Tracking business entities isn’t a new task. Governments have needed to keep track of companies for thousands of years to collect taxes, enforce laws and hire contractors.
But in modern times, private-sector organizations have grown much larger and information technology has allowed them to split themselves into multiple entities. Governments have not kept up.
The U.S. government has developed a jungle of electronic identifiers: EINs for taxes, CIKs for public companies, DUNS Numbers for civilian contractors, CAGE codes for defense contractors, and many more. Most large companies have hundreds of different identifiers.
There is no electronic way to aggregate all the information that a particular company reports to the government — even if the information is publicly available.
The lack of consistent entity identifiers helped trigger the 2008 financial crisis.
When the heads of the Treasury Department, the Securities and Exchange Commission and the Federal Reserve met in September 2008 to decide whether to provide government assistance to ailing Lehman Brothers, they had no means of understanding the markets’ total exposure to a potential bankruptcy — even though that information was theoretically available to them, spread across thousands of regulatory documents duly filed by Lehman’s hundreds of subsidiaries.
Without consistent identifiers for Lehman and its subsidiaries, no electronic system could aggregate the risk. The regulators were flying blind, despite having collected vast troves of information through existing reporting requirements.
The Rise of Legal Entity Identifiers in Financial Regulation
The financial crisis helped motivate financial regulators around the world to finally address the lack of a standard identifier.
The Group of 20 (G20) announced in June 2012 that its financial regulators would work together to create a single identifier, the Legal Entity Identifier (LEI), to consistently identify companies. Two years later, the Global LEI Foundation (GLEIF), a nonprofit that administers the LEI, started operating.
The LEI promises to transform financial regulation around the world.
If financial regulators adopt the LEI across all their reporting requirements, then investors, agencies, and financial companies all will benefit. Investors will be able to match a particular company’s open data filings with different regulators, instantly. Agencies will deploy analytics more cheaply. Companies will be able to match their internal data management with external reporting.
In the U.S., the Commodity Futures Trading Commission and the SEC now require entities reporting on derivatives transactions to identify themselves using the LEI. The Consumer Financial Protection Bureau requires it for home mortgage lenders. Many other financial regulators (see table) are considering adopting the LEI in their own reporting requirements. The Treasury Department has called for every regulator to use the LEI, across all the information each agency collects.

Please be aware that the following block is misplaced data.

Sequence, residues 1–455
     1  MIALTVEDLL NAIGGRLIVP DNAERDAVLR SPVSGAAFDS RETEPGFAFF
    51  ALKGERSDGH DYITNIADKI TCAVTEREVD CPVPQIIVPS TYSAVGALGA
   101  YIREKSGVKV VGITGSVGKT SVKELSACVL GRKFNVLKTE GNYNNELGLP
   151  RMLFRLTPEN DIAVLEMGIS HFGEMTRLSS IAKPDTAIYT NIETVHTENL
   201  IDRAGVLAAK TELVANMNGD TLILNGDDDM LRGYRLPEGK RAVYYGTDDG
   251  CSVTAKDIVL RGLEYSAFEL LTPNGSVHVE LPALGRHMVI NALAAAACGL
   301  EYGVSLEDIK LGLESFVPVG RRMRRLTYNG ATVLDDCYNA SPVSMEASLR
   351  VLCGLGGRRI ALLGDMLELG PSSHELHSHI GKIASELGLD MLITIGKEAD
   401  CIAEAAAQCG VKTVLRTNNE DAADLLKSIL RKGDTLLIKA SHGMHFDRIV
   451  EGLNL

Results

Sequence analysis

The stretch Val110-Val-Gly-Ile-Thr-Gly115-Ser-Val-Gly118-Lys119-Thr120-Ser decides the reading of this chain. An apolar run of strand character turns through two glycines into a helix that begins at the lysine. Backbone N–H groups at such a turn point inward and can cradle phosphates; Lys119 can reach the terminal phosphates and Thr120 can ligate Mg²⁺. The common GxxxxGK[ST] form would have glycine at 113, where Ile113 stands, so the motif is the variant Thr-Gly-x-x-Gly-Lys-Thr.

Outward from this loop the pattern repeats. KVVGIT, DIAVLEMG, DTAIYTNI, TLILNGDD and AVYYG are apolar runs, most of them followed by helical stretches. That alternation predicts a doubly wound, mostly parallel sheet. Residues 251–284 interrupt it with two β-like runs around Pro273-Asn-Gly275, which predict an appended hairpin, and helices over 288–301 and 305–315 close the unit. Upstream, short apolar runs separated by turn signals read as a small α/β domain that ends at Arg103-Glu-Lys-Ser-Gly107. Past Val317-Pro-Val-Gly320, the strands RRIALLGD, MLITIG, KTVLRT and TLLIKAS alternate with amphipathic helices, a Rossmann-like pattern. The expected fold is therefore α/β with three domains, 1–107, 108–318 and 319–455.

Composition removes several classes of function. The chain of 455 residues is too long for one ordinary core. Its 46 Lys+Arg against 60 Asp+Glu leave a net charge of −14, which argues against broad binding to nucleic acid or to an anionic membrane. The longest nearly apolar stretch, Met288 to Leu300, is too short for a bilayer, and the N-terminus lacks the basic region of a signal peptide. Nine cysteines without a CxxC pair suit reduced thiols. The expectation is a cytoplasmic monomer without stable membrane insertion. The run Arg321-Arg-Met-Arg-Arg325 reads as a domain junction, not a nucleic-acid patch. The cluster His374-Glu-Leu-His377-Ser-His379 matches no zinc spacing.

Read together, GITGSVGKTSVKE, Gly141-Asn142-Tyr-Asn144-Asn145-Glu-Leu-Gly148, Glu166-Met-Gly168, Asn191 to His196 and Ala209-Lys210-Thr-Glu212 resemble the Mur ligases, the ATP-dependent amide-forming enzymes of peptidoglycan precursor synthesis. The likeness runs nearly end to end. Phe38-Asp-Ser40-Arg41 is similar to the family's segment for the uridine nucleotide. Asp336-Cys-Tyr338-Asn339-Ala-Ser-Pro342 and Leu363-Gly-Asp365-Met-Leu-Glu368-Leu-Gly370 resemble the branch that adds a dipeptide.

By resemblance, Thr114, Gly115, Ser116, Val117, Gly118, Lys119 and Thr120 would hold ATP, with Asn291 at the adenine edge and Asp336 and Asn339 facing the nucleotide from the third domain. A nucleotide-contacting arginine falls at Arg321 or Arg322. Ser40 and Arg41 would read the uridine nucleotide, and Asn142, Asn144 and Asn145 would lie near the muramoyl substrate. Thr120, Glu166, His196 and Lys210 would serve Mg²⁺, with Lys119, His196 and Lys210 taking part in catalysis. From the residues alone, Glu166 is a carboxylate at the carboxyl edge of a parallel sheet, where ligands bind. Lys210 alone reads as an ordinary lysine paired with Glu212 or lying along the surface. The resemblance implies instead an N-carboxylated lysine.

Congress wants the financial regulators to move faster. Last fall, the House Financial Services Committee approved Rep. Ed Royce’s legislation calling for an annual report on adopting the LEI. And Rep. Darrell Issa’s proposed Financial Transparency Act (H.R. 2477) would provide a strong mandate for all financial agencies to adopt the LEI.
The rise of LEIs will be on the agenda at the Data Coalition’s Financial Data Summit on March 29. Dick Berner, director of the Treasury Office of Financial Research and the governmentwide leader for the LEI, will keynote. Other speakers include LEI experts from the securities industry, banks and philanthropy.
The Promise of LEIs Outside Financial Regulation
But the LEI isn’t just for financial regulation. Imagine if the same identifier were used for other types of reports, too. It would become possible to match and aggregate every place a company interfaces with government.
Last year, the Federal Energy Regulatory Commission became the first U.S. agency outside the financial world to start using the LEI.
The Data Coalition has been pushing for the LEI to be adopted by the federal government to identify grantees and contractors. Under the DATA Act of 2014, the Treasury Department and the White House Office of Management and Budget have a mandate to select an identifier for all recipients of contracts and grants.
Last year, Treasury and OMB provisionally decided to continue using the existing DUNS Number. The DUNS Number is owned by Dun & Bradstreet, itself a private contractor. Anyone who wants to use the information must purchase a license from Dun & Bradstreet. As long as the proprietary DUNS Number is used to identify grantees and contractors, this data cannot be truly open.
But Treasury and OMB did commit to conducting a “transparent process” to evaluate alternatives. Supporters of transparency in federal spending will have another chance to persuade the federal government that it should adopt the LEI to identify grantees and contractors.
The Financial Data Summit will feature an industry panel on identifiers to explore what the LEI might mean if it were adopted beyond financial regulation. The panel will include Thomson Reuters, Bloomberg, State Street Bank, S&P, and Dun & Bradstreet. It’s sure to be interesting.
Join the Data Coalition on March 29 to explore what the LEI could mean for the future — both for financial regulation and for open data in general.